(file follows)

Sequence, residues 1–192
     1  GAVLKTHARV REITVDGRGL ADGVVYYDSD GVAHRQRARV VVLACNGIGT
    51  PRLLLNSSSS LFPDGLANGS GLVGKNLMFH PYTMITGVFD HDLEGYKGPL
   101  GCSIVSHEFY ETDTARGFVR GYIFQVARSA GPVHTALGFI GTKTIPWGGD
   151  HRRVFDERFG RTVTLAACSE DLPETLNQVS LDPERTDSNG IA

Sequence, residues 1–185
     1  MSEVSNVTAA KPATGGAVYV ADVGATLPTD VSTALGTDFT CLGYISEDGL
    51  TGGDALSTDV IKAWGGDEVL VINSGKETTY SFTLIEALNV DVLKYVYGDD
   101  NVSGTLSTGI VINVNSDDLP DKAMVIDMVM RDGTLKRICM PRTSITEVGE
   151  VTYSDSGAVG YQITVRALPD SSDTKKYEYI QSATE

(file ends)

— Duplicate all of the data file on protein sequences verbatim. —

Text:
Sequence, residues 1–192
     1  GAVLKTHARV REITVDGRGL ADGVVYYDSD GVAHRQRARV VVLACNGIGT
    51  PRLLLNSSSS LFPDGLANGS GLVGKNLMFH PYTMITGVFD HDLEGYKGPL
   101  GCSIVSHEFY ETDTARGFVR GYIFQVARSA GPVHTALGFI GTKTIPWGGD
   151  HRRVFDERFG RTVTLAACSE DLPETLNQVS LDPERTDSNG IA

Sequence, residues 1–185
     1  MSEVSNVTAA KPATGGAVYV ADVGATLPTD VSTALGTDFT CLGYISEDGL
    51  TGGDALSTDV IKAWGGDEVL VINSGKETTY SFTLIEALNV DVLKYVYGDD
   101  NVSGTLSTGI VINVNSDDLP DKAMVIDMVM RDGTLKRICM PRTSITEVGE
   151  VTYSDSGAVG YQITVRALPD SSDTKKYEYI QSATE